Fisekhane was home for the Istanbul Fintech Week on April 16th and 17th. The compact location rendered itself well for shuffling between parallel sessions as well as networking. Crypto and blockchain were the focus topics of day one and banking and payments filled up the agenda for day two. There were engaging panel discussions on a large set of topics, which can not be conveyed in this blog. Below you can find the limited number of notes that “I” find interesting for my benefit.

Crypto & Blockchain

  • The conference was a testament to the presence of a strong and vibrant crypto fintech ecosystem in Turkey. This is no surprise since financial technology players have always been very active in the country from banks to payments players to insurance companies to solution providers. Given this fact the stakeholders had the chance to make the case to the regulators present at the conference the dire need for regulation. No news or specific calendar has been heard from the authorities who were present on site during the two days.
  • On MiCA: the EU law allows for crypto companies to open bank accounts at central banks as well as commercial banks. Yet, the ECB may resist to this.
  • It appears governments in the US and EU are underpaying staffers for crypto regulation. A peculiar fact if correct. Given that crypto regulation has so much catching up to do, one would expect the opposite.
  • On countries toying with Crypto: El Salvador makes BTC legal tender on September 15th, 2021. A US institutional player sells a billion USD worth of BTC the same day, bringing the price down by 22%.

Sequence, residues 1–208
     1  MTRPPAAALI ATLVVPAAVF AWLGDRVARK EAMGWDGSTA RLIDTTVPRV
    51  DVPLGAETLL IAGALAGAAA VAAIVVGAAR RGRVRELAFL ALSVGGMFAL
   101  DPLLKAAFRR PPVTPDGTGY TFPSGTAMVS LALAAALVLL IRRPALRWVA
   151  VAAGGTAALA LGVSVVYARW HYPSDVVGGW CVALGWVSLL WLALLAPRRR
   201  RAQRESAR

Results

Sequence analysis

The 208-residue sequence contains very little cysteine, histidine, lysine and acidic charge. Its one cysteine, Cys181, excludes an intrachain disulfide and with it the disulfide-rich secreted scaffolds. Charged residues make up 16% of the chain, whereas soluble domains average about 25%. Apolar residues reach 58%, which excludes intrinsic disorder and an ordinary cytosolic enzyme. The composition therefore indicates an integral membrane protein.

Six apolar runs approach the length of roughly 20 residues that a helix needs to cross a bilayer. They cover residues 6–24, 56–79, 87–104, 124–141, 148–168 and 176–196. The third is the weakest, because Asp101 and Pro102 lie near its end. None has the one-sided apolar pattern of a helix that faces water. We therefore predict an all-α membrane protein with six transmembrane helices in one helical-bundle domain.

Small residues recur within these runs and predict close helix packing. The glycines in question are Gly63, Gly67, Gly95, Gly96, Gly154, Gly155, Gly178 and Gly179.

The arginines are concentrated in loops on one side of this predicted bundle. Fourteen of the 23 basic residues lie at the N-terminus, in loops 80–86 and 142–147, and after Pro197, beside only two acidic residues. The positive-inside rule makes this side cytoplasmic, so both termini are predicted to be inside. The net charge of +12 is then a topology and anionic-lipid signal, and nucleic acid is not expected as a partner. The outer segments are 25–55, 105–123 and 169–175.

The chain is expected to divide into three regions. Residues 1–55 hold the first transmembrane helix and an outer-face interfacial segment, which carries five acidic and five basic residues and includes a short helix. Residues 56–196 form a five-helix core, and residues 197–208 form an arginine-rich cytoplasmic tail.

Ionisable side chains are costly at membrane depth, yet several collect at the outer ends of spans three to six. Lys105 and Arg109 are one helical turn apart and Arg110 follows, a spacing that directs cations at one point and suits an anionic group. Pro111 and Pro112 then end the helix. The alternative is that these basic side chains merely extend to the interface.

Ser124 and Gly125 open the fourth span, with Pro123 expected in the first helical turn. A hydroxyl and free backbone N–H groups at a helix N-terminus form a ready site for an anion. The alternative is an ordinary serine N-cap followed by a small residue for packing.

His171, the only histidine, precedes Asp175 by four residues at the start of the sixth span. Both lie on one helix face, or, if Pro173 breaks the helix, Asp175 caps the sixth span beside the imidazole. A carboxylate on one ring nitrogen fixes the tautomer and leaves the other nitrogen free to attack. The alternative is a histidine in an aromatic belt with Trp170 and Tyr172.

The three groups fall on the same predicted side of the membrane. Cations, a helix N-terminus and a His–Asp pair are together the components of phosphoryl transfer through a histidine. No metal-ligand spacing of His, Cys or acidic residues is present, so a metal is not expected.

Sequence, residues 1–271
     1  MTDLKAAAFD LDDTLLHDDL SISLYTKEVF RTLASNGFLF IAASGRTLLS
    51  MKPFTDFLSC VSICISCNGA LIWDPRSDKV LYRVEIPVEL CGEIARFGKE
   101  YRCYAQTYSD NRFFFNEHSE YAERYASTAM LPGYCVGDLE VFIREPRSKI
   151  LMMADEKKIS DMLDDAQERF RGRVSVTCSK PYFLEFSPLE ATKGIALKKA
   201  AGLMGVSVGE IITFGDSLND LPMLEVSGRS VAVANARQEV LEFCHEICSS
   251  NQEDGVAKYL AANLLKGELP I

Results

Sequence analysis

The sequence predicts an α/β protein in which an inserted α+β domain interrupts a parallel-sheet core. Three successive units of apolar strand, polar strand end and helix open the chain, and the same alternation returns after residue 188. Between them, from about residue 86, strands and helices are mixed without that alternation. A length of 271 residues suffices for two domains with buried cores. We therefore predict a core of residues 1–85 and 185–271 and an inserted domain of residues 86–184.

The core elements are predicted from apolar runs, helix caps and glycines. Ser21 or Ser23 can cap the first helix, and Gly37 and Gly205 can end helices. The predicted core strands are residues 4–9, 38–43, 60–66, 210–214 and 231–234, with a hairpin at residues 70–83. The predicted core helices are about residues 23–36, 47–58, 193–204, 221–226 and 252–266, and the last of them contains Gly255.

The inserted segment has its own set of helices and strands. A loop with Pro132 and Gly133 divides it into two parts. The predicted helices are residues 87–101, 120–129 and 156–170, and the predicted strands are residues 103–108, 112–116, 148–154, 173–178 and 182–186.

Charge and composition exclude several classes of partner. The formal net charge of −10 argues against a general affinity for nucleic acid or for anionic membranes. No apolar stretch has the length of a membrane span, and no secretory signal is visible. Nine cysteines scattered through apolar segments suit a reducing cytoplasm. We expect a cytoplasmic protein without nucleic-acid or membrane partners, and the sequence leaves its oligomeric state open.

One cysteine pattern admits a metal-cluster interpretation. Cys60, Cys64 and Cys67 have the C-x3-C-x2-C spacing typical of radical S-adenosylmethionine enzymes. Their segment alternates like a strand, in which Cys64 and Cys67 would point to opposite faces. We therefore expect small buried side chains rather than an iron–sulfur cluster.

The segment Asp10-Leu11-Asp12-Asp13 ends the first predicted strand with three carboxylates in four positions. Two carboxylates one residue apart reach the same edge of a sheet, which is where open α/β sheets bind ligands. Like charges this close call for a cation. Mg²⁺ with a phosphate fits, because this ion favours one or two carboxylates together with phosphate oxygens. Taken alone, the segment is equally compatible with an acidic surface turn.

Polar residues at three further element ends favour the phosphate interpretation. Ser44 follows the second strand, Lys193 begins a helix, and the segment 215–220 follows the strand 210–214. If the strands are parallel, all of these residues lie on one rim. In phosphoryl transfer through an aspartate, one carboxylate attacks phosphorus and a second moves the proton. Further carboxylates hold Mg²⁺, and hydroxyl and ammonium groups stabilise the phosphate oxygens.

• We may think JP Morgan is anti-crypto. In fact they have 1600 employees managing crytpo. They also had more than 70 staffers as early as 2013, writing external articles about crypto, guiding the public opinion.
  • Gold ETFs are not backed by the asset 1–1. One may call they are bankrupt. Will it be the same for crypto ETFs in the future?
  • The US funnels retirement savings to crypto ETFs. Asians do not have similar retirement accounts. They directly purchase crypto from the exchanges as opposed to through fund managers. Thus, the crypto ETFs in Hong Kong may not create as large a demand as the US ETFs.
  • Demand for gold is increasing; both institutionally and individually. Since the USD is losing its reserve currency status (due to debasing), central banks elsewhere are buying gold. The individual investor example is from Costco in the US, where the retailer has recently outsold its gold supply.
  • UAE is building a massive data center to mine and store ctypto. The country has the geographical reach advantage for fossil and solar energy resources.
  • UAE mandates all government agencies to implement blockchain.
  • Central Bank of Turkey is building its CDBC, the digital Lira. The project also has asset tokenization within its scope. Real estate, security and intellectual property tokenization are examples provided by the authority.

Banking & Payments

  • Bankers talked about invisible banking; with examples of embedding banking features in to automobile dashboards or instnat delivery apps.
  • Recent news about FAST, Turkey’s instant payment solution has been shared. There are currently 37 participants in the system including e-money players. The alias directory service KOLAS has 23 million registered users. The system is supported by value added services such as fraud protection and payment request.
  • The open banking gateway that is operated by BKM gets 10 million API calls a day.
  • Bankers are happy about the remote KYC regulation.
  • Per advisors, it appears a neobank needs to reach 1.5 million active clients to breakeven.